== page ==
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Mark Brown The Hockey Writers

Published on Thursday, December 15, 2016





Coyotes Are Abandoning Smith

Despite wins in two games of the last three, there remain legitimate concerns. Though the Arizona Coyotes have picked up four points in their last three contests coming into play at Toronto Thursday night, there is one ominous sign that lingers on the horizon.

The number of shots the Coyotes allow on goalie Mike Smith is alarming. It’s become a rarity, these days, that Smith faces less than 40 shots through the course of a game. The lack of a sustained offense, plus a porous defense, have kept the Coyotes from climbing the Pacific Division ranks.

In defeating the Red Wings in Detroit on Tuesday night, Smith turned away 37 of 38 shots and the Red Wings managed to outshoot the Coyotes, 18-4 in the third period. All of which does not bode well for Smith, who has regained his swagger from the 2011-12 postseason. That’s when he led the Coyotes into Western Conference finals and lost to the Los Angeles Kings, the eventual Stanley Cup champions.

“Mike was real solid,” coach Dave Tippett told The Arizona Republic after the Detroit win. “That’s the way he’s been for most of the season. He’s been outstanding. The bend but don’t break, and hopefully, we can give him a little less work a few times.”

The Need To Improve

For that to happen, the Coyotes need to raise the level of their defensive game. The key point is the ability to swiftly and intelligently move the puck into the neutral zone. Two additional elements of their game need improvement.

Michael Stone

Michael Stone (Amy Irvin / The Hockey Writers)

Turning the over puck over in inopportune times is a significant issue. Though recent losses have resulted in one-goal games, the Coyotes’ penchant for giving the puck away tends to land in Smith’s net. With veteran defenseman like Oliver Ekman-Larsson, Alex Goligoski, Luke Schenn, Michael Stone and Connor Murphy anchoring the blue line, turnovers should concern Tippett.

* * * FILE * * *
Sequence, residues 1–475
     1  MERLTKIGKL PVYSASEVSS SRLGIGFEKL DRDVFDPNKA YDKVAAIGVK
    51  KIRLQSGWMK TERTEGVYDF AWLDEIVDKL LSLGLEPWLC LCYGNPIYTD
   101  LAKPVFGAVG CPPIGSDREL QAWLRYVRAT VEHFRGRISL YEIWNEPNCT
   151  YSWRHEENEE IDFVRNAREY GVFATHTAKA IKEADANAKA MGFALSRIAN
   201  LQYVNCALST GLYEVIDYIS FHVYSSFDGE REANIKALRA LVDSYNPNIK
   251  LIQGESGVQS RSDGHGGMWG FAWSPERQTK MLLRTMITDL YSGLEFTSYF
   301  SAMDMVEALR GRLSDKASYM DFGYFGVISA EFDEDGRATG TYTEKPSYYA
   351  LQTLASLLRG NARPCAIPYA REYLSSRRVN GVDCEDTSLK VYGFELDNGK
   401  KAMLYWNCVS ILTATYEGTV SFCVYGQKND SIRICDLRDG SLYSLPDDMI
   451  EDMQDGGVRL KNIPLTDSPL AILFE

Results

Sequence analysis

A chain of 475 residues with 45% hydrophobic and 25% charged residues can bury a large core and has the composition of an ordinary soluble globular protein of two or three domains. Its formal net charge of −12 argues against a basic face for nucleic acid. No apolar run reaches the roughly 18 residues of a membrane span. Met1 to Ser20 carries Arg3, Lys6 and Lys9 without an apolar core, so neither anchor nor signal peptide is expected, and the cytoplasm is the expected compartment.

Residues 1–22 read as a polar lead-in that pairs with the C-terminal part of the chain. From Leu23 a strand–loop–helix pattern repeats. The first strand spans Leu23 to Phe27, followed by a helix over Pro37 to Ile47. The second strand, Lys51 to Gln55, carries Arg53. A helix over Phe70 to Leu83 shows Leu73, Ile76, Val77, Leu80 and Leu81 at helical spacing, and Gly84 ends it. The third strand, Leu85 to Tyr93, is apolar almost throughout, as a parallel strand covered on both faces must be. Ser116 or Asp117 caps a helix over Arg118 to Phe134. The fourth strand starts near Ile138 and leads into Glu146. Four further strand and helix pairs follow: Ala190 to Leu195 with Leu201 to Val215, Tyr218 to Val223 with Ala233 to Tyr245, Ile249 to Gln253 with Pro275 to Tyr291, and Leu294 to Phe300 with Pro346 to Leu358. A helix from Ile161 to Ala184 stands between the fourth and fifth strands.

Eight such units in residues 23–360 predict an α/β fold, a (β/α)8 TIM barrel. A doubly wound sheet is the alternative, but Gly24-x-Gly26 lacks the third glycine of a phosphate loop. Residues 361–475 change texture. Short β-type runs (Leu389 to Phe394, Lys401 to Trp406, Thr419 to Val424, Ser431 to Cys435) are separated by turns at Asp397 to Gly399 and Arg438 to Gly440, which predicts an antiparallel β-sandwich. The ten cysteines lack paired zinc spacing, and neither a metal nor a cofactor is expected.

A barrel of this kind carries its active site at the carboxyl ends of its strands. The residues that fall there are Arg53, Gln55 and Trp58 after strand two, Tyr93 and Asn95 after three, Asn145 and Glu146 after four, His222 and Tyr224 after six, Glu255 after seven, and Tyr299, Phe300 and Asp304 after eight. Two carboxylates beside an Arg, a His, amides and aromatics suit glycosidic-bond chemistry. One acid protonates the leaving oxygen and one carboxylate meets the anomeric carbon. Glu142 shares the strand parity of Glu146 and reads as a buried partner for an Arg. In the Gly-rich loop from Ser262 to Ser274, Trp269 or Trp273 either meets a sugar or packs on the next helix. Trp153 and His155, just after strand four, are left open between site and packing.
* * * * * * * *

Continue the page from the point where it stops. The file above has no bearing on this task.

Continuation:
As well, the Coyotes’ forecheck needs to improve. To be fair, this is not a big, physical team and is populated by players of average height and weight. Center Martin Hanzal is the tallest, at six feet, five inches, and attempts to screen opposing goalies. Physical players, like captain Shane Doan and Jamie McGinn cannot carry the entire load.

Injuries A Factor

Because of injuries, notably a broken leg sustained by Brad Richardson and a broken hand suffered by Max Domi, the Coyotes have acquired essentially replacement players. These are players destined to aid in the short term, but not in long run. Newly arrived Josh Jooris and Peter Holland, both centers, will not likely supply the hard, crisp forechecking the Coyotes need.

Max Domi, Arizona Coyotes, NHL, Fantasy Hockey

Max Domi (Amy Irvin / The Hockey Writers)

If the Coyotes are to be serious playoff contenders, the defensemen and forwards must protect Smith. At this point, the 34-year-old netminder is playing at a strong level but is being left vulnerable. Smith cannot be left to the mercy of a defense that fails to clear the puck in front of him, turns the puck over frequently and fails to generate strong movement through the neutral zone.


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